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Yoon defends first lady taking friend to Bongha village

All News 10:51 June 15, 2022

By Lee Haye-ah

SEOUL, June 15 (Yonhap) -- President Yoon Suk-yeol defended his wife Wednesday after she drew criticism for taking a friend along on a visit to pay respects at a former president's grave earlier this week.

First lady Kim Keon-hee traveled to Bongha village, some 300 kilometers southeast of Seoul, on Monday to visit the grave of former President Roh Moo-hyun and meet with his widow, Kwon Yang-sook, at her home.

Photos later revealed that Kim was joined by other women on the trip, sparking speculation on who they were. The presidential office explained Tuesday that one was a university professor and longtime acquaintance of the first lady, while the others were presidential staff.

President Yoon Suk-yeol takes reporters' questions as he arrives at the presidential office in Seoul on June 15, 2022. (Yonhap)

"I know the person who appeared in the photo, and she is a longtime friend of my wife from Busan," Yoon told reporters as he arrived for work. "It appears that when they went to see (Kwon), they brought with them a lot of bread and other stuff that she liked, and (my wife's friend) knew a place in Busan that's good at that and introduced it to her."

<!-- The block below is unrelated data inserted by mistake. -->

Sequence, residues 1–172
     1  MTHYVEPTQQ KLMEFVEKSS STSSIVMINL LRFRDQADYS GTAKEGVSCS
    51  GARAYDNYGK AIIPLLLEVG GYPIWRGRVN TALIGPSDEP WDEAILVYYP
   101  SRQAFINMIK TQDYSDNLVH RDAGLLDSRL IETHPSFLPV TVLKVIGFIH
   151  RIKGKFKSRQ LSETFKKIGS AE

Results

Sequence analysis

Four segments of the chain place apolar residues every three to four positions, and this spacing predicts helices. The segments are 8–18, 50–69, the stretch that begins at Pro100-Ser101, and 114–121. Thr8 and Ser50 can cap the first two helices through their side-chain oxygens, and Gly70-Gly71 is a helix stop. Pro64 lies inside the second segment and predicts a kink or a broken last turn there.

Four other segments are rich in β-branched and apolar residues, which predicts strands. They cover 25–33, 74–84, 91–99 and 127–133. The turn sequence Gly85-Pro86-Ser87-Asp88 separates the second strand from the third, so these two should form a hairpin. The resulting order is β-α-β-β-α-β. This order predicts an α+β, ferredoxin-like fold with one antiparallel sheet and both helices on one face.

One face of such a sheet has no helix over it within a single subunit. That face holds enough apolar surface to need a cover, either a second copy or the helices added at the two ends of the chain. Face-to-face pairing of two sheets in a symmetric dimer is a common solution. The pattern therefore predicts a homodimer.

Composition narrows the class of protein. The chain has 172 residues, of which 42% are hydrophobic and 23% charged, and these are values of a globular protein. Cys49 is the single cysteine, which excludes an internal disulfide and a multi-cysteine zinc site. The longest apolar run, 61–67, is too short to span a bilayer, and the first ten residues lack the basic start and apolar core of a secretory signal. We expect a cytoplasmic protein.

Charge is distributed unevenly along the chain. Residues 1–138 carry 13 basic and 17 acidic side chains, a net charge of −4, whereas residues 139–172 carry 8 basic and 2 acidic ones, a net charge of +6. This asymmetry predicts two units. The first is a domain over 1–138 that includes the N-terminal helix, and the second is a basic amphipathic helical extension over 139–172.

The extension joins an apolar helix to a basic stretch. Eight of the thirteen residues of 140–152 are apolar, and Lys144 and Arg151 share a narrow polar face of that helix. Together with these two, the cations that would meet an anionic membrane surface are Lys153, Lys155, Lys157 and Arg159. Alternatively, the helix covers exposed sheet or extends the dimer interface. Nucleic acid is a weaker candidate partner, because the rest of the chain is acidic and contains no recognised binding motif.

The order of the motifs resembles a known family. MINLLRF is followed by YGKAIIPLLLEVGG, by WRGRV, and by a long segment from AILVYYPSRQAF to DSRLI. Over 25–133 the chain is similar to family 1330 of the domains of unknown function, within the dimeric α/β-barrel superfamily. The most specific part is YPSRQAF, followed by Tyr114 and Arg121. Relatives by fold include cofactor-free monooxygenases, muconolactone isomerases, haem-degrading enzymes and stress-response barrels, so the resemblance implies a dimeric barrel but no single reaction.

Yoon said the friend probably helped his wife carry the gifts.

"Isn't Bongha village somewhere any citizen can visit?" he added.

The main opposition Democratic Party has accused the first lady of using a secret personal connection on an official visit.

Yoon admitted to reporters that he is unsure how to separate his wife's official activities from unofficial ones.

"It's my first time being president," he said. "It wasn't that long ago that I started, so I will listen to people's views and think about it little by little."

The president then asked reporters to propose solutions.

"She can't go around on her own because she doesn't have any formal detail or secretaries at the moment," he said.

The president has scrapped the presidential office previously responsible for handling the first lady's schedule in line with a campaign pledge.

Meanwhile, Yoon explained that his team had no choice but to postpone a decision on a new name for the presidential office because all five candidate names picked through a public contest received negative feedback in the press.

The presidential office announced Tuesday that the office will be called the Yongsan Presidential Office for now. Yongsan is the district of Seoul where the office is located.

Yoon also addressed the tit-for-tat rallies held outside his home in southern Seoul, saying, "It's the people's right under the law, so I won't comment on that."

The rallies were held in response to those by conservative activists outside the home of Yoon's predecessor, Moon Jae-in.

hague@yna.co.kr
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